Ducati 896 Superbike Cafe Racer Project

Posted by Scot Wilson on

I never raced a Ducati 888 or 851 like I did with the 748 RS and 996 SP. However, I have owned 4 Ducati 851's to include the original Tri-Colore. I did like the riding position of the 851 which makes sense as the 888 frame was the predecessor to the modern Ducati Monster and is more comfortable than the 996.  As I was used to the power delivery of the revvy 748 RS and the torquey power delivery of the 996 SP, it only made sense to put a modern Superbike engine in what is a very good looking 851 package and especially in the Tri-Colore livery. 

This build took place before the Ducati factory made the Monster with the 996 Superbike engine. We found a nice low mileage 996 street engine that had became available. Now it was time to see how it would fit. The engine fit just fine, however, due to the different location of the mounting point for the swingarm from single-sided of the 996 engine in contrast to the location of the twin box section swingarm of the 851, we needed to figure out a way to get the rake and trail to work. Luckily, I found in Europe, a 851 Corse Rear Shock Linkage with an Adjustable Eccentric. This allowed us to get the geometry correct that was imperative in mating the 996 street bike engine with an 851 rolling chassis. 

I know that there is a large community of those who love their Ducati 888 & 851 Superbikes as they are striking in appearance. Additionally, they were effectively the first Ducati Superbikes and found great success in Superbike racing. However, I preferred the power delivery of the more modern Desmoquattro engines which seemed to have more power. This turned out to be a potent package. 

The Cafe Racer philosophy seems to me to take at the core what is good, lighten, and improve components to get the best performance out of this package. Bigger and more modern forks and suspension were chosen. Brakes used were currently the best available. However, we still were able to use many of the 851 components to include a carbon fiber airbox, carbon fiber engine case breather box, ECU and a trick F1 manufactured 2:1 Stainless Exhaust system. Additionally, we were able to use 5 spoke Marchessini wheels with big modern, sticky Dunlop tires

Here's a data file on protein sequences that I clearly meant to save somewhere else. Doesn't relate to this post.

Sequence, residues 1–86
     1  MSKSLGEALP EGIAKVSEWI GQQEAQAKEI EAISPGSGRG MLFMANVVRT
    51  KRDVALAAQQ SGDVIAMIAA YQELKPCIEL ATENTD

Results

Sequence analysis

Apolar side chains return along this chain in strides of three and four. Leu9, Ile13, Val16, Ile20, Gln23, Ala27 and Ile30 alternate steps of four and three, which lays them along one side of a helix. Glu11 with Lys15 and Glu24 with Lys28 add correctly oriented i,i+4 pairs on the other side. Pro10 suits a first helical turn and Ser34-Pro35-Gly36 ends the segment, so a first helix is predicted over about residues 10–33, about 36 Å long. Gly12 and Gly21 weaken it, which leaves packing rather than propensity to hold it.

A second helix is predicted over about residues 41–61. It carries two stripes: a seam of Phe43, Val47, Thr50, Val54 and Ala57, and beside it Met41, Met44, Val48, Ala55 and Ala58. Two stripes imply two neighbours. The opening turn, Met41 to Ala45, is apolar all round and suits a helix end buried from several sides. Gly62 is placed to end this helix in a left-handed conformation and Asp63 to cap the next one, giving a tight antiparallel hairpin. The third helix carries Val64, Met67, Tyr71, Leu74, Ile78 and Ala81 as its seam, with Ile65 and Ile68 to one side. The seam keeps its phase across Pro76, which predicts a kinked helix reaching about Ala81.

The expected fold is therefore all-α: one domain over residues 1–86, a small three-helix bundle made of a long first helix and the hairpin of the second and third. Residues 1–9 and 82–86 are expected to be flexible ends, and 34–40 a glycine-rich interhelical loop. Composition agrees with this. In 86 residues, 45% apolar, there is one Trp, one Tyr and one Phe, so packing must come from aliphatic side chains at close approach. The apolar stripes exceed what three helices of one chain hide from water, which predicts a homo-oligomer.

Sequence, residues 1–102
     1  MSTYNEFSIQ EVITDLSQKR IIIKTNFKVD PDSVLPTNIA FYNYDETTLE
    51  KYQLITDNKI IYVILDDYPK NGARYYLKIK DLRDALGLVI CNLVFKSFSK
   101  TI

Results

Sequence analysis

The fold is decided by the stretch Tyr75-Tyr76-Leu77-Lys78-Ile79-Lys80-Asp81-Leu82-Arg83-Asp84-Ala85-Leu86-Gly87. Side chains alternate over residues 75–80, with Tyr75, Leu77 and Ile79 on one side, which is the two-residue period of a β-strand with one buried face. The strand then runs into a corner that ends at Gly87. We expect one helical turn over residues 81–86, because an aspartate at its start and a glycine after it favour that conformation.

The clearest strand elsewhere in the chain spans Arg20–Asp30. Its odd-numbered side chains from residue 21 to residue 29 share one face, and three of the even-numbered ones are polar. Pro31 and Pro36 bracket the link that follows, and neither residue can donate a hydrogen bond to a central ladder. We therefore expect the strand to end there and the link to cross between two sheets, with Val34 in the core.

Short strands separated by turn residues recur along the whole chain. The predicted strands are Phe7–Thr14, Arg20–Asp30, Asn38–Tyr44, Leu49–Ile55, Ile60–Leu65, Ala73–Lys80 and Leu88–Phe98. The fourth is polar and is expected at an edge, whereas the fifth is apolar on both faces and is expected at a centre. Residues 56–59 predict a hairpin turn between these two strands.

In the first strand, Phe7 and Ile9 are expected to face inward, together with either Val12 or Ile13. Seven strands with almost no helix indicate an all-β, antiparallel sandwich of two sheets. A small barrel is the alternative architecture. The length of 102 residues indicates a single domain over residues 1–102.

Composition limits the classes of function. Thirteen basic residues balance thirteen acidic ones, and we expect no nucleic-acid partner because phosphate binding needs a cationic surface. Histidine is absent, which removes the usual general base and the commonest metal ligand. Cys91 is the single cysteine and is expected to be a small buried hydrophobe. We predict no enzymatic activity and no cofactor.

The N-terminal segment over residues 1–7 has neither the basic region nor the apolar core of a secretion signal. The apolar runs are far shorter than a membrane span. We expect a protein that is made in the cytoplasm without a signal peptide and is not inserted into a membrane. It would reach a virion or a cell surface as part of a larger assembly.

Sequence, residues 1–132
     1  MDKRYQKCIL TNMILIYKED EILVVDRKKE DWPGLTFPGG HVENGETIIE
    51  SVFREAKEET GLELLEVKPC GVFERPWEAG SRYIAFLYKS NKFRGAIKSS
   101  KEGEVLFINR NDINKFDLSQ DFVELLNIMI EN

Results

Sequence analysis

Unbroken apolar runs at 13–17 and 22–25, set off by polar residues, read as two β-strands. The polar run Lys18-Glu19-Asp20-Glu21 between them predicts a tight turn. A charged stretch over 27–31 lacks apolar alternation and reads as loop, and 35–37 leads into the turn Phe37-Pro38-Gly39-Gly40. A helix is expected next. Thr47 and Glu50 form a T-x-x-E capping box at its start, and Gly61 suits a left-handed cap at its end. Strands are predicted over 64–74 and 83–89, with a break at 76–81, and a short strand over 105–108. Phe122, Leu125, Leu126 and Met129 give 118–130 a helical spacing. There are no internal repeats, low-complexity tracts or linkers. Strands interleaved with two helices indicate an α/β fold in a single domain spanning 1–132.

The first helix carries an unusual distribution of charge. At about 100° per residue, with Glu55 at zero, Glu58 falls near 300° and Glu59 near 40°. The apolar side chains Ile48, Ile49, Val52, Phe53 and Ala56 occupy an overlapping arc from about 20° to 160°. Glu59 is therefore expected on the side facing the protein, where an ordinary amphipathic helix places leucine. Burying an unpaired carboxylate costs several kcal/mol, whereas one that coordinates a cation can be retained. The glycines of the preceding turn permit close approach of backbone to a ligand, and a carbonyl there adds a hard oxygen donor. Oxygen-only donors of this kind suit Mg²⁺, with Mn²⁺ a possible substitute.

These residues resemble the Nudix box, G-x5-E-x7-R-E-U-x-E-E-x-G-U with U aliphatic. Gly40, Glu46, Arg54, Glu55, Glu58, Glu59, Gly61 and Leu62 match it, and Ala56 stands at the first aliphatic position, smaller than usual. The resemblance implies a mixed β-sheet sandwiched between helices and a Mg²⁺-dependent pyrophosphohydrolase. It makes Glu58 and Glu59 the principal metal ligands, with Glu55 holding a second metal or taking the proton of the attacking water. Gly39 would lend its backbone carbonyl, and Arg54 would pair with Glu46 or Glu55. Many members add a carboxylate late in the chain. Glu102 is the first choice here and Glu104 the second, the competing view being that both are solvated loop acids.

Thanks to Tom of Tom's Italian Tune & Service, as we were able to put the bike together at his shop before I ended up getting my shop space. It was a labor of love. The biggest challenge was mating the 996 wiring loom with the 851 dash. Using a bigger Superbike axle than stock, we had to have a shop in town to build a converter box for the speedo drive that would effectively take speed data from the 996 speedo drive and convert it for the 851 gauges. However, the converter was made and staying legal on the roads was accomplished. 

What has always amazed me is how lean these Superbikes are so that you can really pull them over for maximum lean angle. There is also something special about the 851 Superbike as a blank canvas to make art. I have always been a huge fan of the Tri-Colore paint schemes to fly proudly the Colors of the Italian Flag. With the 851 in particular with its angular rear seatbase, these red, green and white colors seem to flow purposely from the front of the bike through to the back.

The aluminum fuel tank of the 851 is proportioned perfectly and looks so good in my opinion with the red along the top and the pearl white underneath. As I have been a huge fan of Doug Polen and the Fast by Ferracci team, it was essential that I had made the Fast by Ferracci logos for along the sides of the tank above the Ducati emblem in addition to sporting the famous number 23 on the number boards. Additionally, at the front of the tank, I had placed the Commemorative Decal that recognized the AMA Superbike Season Victory in 1994 which I had received from one of the board members of the AMA. 

From every angle of this bike, the Ducati 851 Tri-Colore seems to have purpose in every line and crease in the bodywork. A small change that I made was to carry the green forward through the front fender/mudguard and carried forward the white on the top of the fender. As mentioned earlier, this machine leant itself to being an outstanding canvas to create art. 

Again from the sides, the lines seemed proportional and purposely intended by the factory design team when this 851 was originally created. I am a fan of the NCR racing effort and their contributions to the factory race effort. Regardless, it was my choice to add the NCR decals with Wille E Coyote on the sides and the City of Bologna crest over the air vent. 

Despite its great looks, this machine could fly!! It was so much fun to take this bike up on our mountain roads as the suspension kept the bike planted and the power delivery was never in question. Photographed above is Chuck who later bought the bike from me and is putting her through her paces at the track. 

This was a special build in my opinion and I was honored when I was asked by a photographer if he could do a photoshoot of this glorious Ducati 851 Tri-Colore Superbike. I will continue to post photos from that shoot as well. Shown below is the great Doug Polen on his famous #23 Fast by Ferracci Superbike celebrating another win for the bike, the team and for the Ducati factory. 

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  • Tremendous, thanks for sharing !

    David Knowles on

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